"There’s no such thing as a small act of kindness. Every act creates a ripple with no logical end." – Scott Adams

Aug 24, 2021 15:01

Latest

News

Restoration of Drukgyel Dzong is expected to be completed by June 2022

Drukgyel Dzong is one of the most popular landmarks in Paro.

Nov 18, 2021 13:35

Selling and buying of tobacco products are no longer illegal in Bhutan

Bhutan introduced a new law on tobacco. This new act permits the sales, distribution, buying, possession, and transportation of tobacco or...

Nov 09, 2021 11:23

Features

The endangered majestic black-necked cranes are highly honoured in Bhutan

The Bhutanese believe that the cranes were sent from the heavens as avatars of their ancestors.

Nov 25, 2021 12:35

There is a yeti preserve in Bhutan that is bigger than the size of Singapore

Wondering whether there are yetis in Bhutan? There is even a corpse!

Oct 21, 2021 11:22

Business

Yathra weaving, the uniquely Bumthang culture

Unlike other places in Bhutan, the people of Bumthang don’t do agricultural work. Instead, they weave yathra products. Traditionally, every...

Sep 13, 2021 17:06

What are the entrepreneurship programmes and initiatives available in Bhutan?

The Bhutanese government has introduced all kinds of initiatives to promote entrepreneurship. Even school kids are groomed to innovate,...

Jun 22, 2021 16:37

Sports

Bhutan's national women cricket team won ICC Women's T20 World Cup Asia Qualifier 2021 opening match

The United Arab Emirates is currently hosting the ICC Women's T20 World Cup Asia Qualifier. The two ICC Academy grounds in Dubai Sports City...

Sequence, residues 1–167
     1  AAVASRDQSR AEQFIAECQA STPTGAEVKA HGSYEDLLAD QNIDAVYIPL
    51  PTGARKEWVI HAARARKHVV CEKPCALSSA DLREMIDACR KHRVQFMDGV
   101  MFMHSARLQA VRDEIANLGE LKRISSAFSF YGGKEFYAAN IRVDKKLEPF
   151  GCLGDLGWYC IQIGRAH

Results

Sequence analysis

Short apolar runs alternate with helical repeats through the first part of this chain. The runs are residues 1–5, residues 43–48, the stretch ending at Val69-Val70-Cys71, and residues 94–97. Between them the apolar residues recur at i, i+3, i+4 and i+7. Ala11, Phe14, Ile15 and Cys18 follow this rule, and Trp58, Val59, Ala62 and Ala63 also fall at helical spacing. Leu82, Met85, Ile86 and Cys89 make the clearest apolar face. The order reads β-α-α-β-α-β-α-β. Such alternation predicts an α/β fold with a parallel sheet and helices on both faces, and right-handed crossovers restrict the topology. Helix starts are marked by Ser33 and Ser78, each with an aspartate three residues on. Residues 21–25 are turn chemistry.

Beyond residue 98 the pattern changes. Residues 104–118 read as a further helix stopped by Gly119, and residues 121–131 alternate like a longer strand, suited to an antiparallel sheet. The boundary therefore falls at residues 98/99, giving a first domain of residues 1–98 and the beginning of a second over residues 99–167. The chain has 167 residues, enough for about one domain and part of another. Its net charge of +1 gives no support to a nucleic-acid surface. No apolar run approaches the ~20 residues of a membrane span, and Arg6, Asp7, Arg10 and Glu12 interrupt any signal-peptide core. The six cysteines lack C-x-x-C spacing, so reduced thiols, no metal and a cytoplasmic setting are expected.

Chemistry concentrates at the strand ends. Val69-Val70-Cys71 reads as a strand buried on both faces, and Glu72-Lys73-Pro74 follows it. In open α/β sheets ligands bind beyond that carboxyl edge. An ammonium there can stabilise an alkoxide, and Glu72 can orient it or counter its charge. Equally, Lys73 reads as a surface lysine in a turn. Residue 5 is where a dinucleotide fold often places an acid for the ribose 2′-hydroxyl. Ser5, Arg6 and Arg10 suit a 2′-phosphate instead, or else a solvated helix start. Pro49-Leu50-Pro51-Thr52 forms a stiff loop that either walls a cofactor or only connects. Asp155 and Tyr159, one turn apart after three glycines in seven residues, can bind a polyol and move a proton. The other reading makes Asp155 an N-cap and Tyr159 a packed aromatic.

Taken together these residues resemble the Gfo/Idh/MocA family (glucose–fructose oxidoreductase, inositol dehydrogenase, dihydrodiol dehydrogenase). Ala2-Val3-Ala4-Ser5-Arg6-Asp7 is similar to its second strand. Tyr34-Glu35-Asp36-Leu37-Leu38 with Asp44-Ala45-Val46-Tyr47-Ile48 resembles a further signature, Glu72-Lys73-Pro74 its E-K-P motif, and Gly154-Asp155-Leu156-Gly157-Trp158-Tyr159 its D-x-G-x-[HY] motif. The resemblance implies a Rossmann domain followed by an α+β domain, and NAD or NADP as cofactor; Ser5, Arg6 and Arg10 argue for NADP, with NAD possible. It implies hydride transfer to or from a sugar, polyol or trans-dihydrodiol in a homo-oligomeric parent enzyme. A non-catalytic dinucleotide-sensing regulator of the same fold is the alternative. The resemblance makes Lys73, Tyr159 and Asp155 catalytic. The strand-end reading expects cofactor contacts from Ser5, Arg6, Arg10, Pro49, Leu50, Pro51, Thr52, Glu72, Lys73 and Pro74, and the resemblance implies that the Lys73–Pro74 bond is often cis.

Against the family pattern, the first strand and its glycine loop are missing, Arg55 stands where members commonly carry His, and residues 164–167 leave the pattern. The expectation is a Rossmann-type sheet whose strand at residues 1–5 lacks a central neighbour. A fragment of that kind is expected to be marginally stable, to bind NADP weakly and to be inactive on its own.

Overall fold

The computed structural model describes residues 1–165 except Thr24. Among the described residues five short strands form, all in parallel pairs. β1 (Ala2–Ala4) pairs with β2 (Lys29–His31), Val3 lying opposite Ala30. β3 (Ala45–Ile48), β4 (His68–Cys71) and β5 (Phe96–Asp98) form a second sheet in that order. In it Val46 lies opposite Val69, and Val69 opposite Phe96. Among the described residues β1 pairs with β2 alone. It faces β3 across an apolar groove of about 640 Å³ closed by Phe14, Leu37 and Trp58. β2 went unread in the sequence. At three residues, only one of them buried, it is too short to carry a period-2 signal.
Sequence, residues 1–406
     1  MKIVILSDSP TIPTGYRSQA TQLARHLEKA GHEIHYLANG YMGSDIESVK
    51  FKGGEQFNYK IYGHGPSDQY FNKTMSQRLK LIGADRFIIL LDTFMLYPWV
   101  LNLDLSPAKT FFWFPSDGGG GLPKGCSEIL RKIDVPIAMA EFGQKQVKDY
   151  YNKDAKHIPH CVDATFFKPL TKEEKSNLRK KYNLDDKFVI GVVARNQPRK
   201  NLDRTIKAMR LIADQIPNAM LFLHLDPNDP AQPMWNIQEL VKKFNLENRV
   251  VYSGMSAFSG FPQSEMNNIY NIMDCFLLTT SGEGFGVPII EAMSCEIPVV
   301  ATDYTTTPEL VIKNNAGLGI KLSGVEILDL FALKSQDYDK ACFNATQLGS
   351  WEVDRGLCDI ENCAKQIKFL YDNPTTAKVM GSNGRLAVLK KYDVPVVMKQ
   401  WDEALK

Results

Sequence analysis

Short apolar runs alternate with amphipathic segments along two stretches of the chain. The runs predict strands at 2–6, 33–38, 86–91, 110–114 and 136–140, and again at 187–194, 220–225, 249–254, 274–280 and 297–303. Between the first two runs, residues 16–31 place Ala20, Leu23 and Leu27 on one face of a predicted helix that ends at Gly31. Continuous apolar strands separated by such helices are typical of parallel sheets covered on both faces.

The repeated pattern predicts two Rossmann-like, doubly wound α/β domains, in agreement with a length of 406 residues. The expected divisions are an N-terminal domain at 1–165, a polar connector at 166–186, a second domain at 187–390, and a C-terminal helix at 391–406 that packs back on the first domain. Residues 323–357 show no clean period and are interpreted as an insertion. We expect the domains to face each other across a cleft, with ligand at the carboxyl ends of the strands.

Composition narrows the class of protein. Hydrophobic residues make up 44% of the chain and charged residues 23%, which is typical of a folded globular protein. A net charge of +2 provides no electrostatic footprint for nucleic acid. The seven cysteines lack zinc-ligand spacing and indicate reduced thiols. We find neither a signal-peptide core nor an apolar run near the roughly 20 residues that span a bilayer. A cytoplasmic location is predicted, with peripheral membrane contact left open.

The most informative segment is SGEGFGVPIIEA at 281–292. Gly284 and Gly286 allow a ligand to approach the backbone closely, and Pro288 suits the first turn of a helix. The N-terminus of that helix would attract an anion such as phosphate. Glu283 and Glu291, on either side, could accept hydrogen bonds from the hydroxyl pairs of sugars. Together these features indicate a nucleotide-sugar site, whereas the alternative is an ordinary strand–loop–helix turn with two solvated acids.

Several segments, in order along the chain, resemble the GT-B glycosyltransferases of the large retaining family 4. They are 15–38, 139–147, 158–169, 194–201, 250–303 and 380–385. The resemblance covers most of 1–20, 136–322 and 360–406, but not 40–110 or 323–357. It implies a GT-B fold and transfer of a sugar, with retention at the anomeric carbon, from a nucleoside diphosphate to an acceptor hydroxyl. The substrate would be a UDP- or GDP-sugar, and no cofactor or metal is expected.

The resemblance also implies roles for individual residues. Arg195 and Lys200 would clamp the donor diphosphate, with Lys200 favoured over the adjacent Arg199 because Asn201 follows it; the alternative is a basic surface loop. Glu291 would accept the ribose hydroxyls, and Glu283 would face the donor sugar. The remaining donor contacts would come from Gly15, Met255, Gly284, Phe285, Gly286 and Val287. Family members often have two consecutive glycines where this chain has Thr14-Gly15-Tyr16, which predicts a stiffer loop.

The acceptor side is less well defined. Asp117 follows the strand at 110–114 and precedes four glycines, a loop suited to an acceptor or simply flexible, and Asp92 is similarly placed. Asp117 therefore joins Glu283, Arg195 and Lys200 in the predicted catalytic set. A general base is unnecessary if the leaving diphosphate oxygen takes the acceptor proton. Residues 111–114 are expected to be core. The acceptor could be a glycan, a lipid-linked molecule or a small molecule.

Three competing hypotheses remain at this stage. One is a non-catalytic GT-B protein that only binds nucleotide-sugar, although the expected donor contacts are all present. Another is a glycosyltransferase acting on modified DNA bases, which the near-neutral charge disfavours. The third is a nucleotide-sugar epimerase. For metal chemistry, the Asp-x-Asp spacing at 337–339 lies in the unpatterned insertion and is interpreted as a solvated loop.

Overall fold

Nov 23, 2021 11:13

Paro FC reclaimed its champion title for BoB Bhutan Premier League 2021

Bank of Bhutan (BoB) Bhutan Premier League 2021, previously known as Bhutan Premier League (BPL), the top football tournament in Bhutan...

Oct 02, 2021 19:57

Travel

Bhutan banned mountaineering out of respect for the local spiritual beliefs

While there are many stunning peaks in Bhutan, mountaineering is prohibited in Bhutan.

Nov 29, 2021 11:51

My first Jomolhari Base Camp Trek experience, a journey within and beyond

Find out what to expect on a 5-day Jomolhari Base Camp Trek itinerary

Nov 26, 2021 15:01

Lifestyle

Tshoglhams, the 'colour-coded' traditional boots of Bhutan

The colour of the traditional boots indicates the status of the wearer.

Nov 22, 2021 15:29

What is your birth mewa (birth marks)?

Mewa indicates a karmic relation from life to life.

Nov 16, 2021 14:42

COVID-19

Bhutan was the first South Asian country to vaccinate children against Covid-19

Bhutanese children aged 12 to 19 years old were vaccinated. Immunising the kids was necessary to achieve herd immunity.

Dec 03, 2021 11:20

Bhutan is leading in the vaccination race

“Bhutan is now a beacon of hope for the region, at a time when the COVID-19 pandemic has upended lives and devastated families." - Dr Will...

Jul 28, 2021 12:01

Subscribe to our newsletter

Never miss out on new happenings and news stories!

Download Daily Bhutan Mobile App

Connecting with us just got easier!